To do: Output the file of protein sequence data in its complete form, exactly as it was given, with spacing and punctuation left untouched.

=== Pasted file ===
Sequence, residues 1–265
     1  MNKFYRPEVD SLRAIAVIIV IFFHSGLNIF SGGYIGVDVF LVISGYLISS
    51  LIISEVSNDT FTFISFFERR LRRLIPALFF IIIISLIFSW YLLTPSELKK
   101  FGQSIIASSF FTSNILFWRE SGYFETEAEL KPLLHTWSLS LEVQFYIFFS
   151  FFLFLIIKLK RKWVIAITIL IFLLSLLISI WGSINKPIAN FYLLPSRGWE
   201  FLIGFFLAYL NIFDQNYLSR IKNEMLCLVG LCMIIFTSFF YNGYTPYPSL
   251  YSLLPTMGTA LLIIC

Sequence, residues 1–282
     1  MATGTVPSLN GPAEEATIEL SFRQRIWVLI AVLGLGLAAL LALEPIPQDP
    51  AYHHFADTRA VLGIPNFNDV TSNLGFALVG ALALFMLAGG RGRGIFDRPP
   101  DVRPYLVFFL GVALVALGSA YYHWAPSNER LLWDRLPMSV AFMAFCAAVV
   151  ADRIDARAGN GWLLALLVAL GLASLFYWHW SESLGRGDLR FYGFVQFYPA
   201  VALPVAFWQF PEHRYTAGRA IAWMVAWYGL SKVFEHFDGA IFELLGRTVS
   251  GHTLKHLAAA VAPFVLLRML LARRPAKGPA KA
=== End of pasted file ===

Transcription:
Sequence, residues 1–265
     1  MNKFYRPEVD SLRAIAVIIV IFFHSGLNIF SGGYIGVDVF LVISGYLISS
    51  LIISEVSNDT FTFISFFERR LRRLIPALFF IIIISLIFSW YLLTPSELKK
   101  FGQSIIASSF FTSNILFWRE SGYFETEAEL KPLLHTWSLS LEVQFYIFFS
   151  FFLFLIIKLK RKWVIAITIL IFLLSLLISI WGSINKPIAN FYLLPSRGWE
   201  FLIGFFLAYL NIFDQNYLSR IKNEMLCLVG LCMIIFTSFF YNGYTPYPSL
   251  YSLLPTMGTA LLIIC

Sequence, residues 1–282
     1  MATGTVPSLN GPAEEATIEL SFRQRIWVLI AVLGLGLAAL LALEPIPQDP
    51  AYHHFADTRA VLGIPNFNDV TSNLGFALVG ALALFMLAGG RGRGIFDRPP
   101  DVRPYLVFFL GVALVALGSA YYHWAPSNER LLWDRLPMSV AFMAFCAAVV
   151  ADRIDARAGN GWLLALLVAL GLASLFYWHW SESLGRGDLR FYGFVQFYPA
   201  VALPVAFWQF PEHRYTAGRA IAWMVAWYGL SKVFEHFDGA IFELLGRTVS
   251  GHTLKHLAAA VAPFVLLRML LARRPAKGPA KA